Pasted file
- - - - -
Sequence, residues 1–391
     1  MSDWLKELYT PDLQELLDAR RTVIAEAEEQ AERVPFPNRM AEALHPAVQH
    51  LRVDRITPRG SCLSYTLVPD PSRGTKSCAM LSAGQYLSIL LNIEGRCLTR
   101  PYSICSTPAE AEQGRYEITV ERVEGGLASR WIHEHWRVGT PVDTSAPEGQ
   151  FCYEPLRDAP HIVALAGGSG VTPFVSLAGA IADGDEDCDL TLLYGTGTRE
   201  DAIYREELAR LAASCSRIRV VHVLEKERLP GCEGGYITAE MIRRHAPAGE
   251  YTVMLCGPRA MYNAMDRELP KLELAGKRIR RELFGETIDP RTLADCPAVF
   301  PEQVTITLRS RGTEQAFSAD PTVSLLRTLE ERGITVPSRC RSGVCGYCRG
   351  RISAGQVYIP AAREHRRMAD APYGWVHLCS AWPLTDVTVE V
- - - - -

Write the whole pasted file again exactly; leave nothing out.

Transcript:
Sequence, residues 1–391
     1  MSDWLKELYT PDLQELLDAR RTVIAEAEEQ AERVPFPNRM AEALHPAVQH
    51  LRVDRITPRG SCLSYTLVPD PSRGTKSCAM LSAGQYLSIL LNIEGRCLTR
   101  PYSICSTPAE AEQGRYEITV ERVEGGLASR WIHEHWRVGT PVDTSAPEGQ
   151  FCYEPLRDAP HIVALAGGSG VTPFVSLAGA IADGDEDCDL TLLYGTGTRE
   201  DAIYREELAR LAASCSRIRV VHVLEKERLP GCEGGYITAE MIRRHAPAGE
   251  YTVMLCGPRA MYNAMDRELP KLELAGKRIR RELFGETIDP RTLADCPAVF
   301  PEQVTITLRS RGTEQAFSAD PTVSLLRTLE ERGITVPSRC RSGVCGYCRG
   351  RISAGQVYIP AAREHRRMAD APYGWVHLCS AWPLTDVTVE V